With gas and oil making consistent appearances on opposite ends of the market spectrum, the need to contain production costs while finding and applying new cost-effective strategies is more important than ever. To find and maintain profitable gains, gas and oil executives must look to the future and adapt to become a truly technology driven industry. The long term play of researching and utilizing new technology for up and coming sectors such as energy exploration and production is well underway and promises a better, brighter, more profitable future for gas and oil.

Gas and oil companies are no strangers to vital technological advancements. As an industry, they were the first to take advantage of 3-D seismic, linear program modeling of refineries, and advanced process control for operations in the first digital age of the 1980s and 90s. The latest technological advancements, in what most characterize as the second digital age, can reduce costs, raise productivity and performance, and serve to find new opportunities to grow if the correct measures are taken to do so.

For example, more efficient and less expensive 3D seismic is available not only for exploration, but also can be used to increase the addition of new reserves as well as production in existing fields. Directional drilling and continuing refinements to horizontal drilling, especially horizontal drilling with multiple fracing, can extend drilling areas from one singular platform and may reduce the number of platforms once required. Developing satellite fields near existing fields with this advancement will also cut drilling costs severely, a definite positive for the industry today.

Digital meter reading and sensors have also been under improvement and are now able to aid in digital notification in order to fix a problem before it occurs. Even transportation of gas as LNG (liquified natural gas) costs have been reduced thanks to improved technology and scale economics with the use of larger transportation vessels, new tank designs, and more efficient use of space. Private consumers are also seeing the benefit of advancements in their own homes and places of business. According to the Oil & Gas Journal, when it comes to private consumers, increasingly efficient natural gas boilers are able to use more than 50% of more-useful energy out of the same volume of natural gas than before. Perhaps one of the most exciting and proactive of the advancements we will see in the near future is based in the field of chemical and bioengineering. Washington State University reports an improved innovation by their research team led by Jean-Sabin McEwen, assistant professor, and Su Ha, associate professor, of the Gene and Linda Voiland School of Chemical Engineering and Bioengineering. In an article by Tina Hilding in ScienceDaily, Ha states the research involves an important catalytic reaction that can be used by gas and oil industries which could “efficiently and effectively convert methane from shale or gas fields to electric power or useful products,” and have a large positive impact on energy savings and the reduction of greenhouse gases released into the atmosphere. Methane, which requires an immense amount of energy to break down due to the strong bond between carbon and hydrogen on a molecular level, is generated in large amounts during operation and it is often burned due to the high expense needed to safely neutralize some effects of the gas with a nickel-based catalyst. Researchers at WSU have found that a very low concentration of nickel carbide, created when a small amount of carbon is added to the nickel-based catalyst, can weaken the methane molecule’s hydrogen carbon bond and allows it to break at much lower temperatures.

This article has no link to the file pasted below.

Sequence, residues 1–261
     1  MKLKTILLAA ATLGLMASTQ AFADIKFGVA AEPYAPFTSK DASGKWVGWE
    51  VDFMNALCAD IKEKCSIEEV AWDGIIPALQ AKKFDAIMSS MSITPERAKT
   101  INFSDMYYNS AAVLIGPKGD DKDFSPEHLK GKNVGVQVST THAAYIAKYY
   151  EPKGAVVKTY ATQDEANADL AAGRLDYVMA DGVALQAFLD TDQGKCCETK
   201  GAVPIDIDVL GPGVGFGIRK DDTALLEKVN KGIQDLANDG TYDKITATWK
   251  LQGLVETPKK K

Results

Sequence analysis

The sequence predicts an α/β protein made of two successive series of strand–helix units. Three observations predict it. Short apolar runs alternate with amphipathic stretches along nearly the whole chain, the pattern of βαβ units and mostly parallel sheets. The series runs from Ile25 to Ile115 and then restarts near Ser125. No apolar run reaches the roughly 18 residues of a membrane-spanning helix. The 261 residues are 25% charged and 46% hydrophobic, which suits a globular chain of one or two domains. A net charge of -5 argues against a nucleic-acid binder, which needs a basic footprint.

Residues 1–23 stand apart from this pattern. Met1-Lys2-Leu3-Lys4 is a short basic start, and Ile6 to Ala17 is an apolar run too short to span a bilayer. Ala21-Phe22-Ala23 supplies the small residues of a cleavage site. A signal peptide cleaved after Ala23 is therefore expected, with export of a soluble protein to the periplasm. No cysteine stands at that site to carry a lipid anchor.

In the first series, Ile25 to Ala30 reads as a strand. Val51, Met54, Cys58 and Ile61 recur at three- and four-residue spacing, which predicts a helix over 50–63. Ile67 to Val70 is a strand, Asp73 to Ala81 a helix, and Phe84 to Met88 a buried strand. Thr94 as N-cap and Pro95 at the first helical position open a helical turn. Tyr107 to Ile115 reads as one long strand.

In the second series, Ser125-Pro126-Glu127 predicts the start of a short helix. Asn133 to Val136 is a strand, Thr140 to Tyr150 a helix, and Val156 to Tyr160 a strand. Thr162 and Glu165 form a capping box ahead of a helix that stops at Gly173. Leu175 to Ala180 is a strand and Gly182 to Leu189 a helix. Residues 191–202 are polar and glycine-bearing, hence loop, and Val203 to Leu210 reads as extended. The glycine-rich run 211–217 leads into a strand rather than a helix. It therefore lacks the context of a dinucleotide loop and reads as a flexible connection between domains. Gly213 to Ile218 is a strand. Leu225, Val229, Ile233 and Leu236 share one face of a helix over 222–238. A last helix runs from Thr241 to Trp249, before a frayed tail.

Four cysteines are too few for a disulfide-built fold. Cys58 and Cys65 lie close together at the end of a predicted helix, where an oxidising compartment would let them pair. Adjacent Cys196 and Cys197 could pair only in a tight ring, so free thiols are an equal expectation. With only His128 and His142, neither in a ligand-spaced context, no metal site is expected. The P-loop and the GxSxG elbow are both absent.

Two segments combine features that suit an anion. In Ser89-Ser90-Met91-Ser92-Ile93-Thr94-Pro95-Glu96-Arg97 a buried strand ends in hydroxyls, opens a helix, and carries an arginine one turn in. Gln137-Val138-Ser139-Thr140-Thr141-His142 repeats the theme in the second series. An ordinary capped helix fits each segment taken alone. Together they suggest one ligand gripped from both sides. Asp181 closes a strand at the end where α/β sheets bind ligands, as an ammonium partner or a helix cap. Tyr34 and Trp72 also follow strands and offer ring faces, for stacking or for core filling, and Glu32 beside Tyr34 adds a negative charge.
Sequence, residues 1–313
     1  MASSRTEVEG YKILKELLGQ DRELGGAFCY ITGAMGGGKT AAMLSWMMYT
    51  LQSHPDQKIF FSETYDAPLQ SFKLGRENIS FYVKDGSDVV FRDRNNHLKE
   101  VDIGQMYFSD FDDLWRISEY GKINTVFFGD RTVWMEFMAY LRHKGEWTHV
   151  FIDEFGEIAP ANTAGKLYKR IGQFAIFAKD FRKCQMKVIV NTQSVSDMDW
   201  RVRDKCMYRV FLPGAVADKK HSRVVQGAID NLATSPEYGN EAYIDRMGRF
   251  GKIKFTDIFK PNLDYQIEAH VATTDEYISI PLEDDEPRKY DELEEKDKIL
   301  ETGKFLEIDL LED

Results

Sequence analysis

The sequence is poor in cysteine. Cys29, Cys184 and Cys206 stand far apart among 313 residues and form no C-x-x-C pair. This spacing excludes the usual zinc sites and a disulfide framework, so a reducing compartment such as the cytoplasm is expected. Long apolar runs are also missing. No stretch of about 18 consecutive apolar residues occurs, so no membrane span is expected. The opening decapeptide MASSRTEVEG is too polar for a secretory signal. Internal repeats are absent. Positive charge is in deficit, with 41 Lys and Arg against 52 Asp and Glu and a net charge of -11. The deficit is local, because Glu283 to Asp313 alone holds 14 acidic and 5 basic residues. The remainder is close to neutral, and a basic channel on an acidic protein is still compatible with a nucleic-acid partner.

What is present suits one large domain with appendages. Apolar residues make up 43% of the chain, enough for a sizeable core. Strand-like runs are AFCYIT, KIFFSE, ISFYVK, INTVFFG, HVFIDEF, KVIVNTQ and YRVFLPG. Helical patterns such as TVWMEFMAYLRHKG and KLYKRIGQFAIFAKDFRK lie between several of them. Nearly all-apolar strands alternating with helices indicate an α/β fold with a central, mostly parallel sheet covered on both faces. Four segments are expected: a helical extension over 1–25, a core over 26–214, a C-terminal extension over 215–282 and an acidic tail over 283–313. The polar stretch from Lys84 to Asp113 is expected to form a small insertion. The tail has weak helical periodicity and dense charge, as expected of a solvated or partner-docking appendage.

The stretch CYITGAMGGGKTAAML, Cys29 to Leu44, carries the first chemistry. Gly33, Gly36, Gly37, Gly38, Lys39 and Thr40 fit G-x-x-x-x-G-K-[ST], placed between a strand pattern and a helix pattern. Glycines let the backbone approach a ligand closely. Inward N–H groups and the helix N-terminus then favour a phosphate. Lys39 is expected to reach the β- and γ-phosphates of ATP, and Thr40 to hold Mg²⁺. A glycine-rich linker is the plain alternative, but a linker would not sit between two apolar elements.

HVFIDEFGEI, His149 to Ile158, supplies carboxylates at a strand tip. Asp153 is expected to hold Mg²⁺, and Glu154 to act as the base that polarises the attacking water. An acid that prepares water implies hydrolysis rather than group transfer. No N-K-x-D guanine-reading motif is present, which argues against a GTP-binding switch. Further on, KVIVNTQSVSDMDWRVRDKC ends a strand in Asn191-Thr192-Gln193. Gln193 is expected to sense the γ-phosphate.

This breakthrough is still being tested but the future of this discovery, in addition to many more already in effect, will bring the oil and gas industry a much needed cost effective, proactive and safe way to move forward into the rapidly evolving age of technological advancement.